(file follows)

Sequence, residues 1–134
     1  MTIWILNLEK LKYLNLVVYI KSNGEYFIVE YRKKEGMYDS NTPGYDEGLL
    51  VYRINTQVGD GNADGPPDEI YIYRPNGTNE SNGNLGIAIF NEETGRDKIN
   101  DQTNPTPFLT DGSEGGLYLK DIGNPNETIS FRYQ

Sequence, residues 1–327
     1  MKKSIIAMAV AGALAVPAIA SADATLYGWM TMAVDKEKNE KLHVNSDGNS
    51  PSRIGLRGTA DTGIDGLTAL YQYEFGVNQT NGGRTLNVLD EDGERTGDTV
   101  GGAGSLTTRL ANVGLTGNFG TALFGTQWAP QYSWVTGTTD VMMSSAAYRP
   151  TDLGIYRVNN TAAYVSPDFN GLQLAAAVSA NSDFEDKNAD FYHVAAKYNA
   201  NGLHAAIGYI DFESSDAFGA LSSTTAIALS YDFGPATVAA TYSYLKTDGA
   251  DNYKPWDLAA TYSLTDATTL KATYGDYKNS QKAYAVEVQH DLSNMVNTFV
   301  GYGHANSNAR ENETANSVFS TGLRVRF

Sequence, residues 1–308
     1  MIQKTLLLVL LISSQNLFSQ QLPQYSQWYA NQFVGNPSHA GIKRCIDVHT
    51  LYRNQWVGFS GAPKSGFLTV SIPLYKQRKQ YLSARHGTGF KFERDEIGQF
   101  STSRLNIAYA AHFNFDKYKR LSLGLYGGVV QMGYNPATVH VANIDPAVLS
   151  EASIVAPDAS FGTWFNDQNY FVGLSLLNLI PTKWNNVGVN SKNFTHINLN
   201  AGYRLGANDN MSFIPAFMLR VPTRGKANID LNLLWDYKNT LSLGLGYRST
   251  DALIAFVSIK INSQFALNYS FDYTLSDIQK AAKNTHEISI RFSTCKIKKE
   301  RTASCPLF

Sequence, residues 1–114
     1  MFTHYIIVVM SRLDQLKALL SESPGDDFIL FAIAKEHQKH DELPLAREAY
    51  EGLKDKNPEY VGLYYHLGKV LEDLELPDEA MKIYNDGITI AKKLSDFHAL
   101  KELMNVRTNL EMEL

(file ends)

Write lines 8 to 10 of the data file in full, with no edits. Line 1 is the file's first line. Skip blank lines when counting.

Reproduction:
   101  GGAGSLTTRL ANVGLTGNFG TALFGTQWAP QYSWVTGTTD VMMSSAAYRP
   151  TDLGIYRVNN TAAYVSPDFN GLQLAAAVSA NSDFEDKNAD FYHVAAKYNA
   201  NGLHAAIGYI DFESSDAFGA LSSTTAIALS YDFGPATVAA TYSYLKTDGA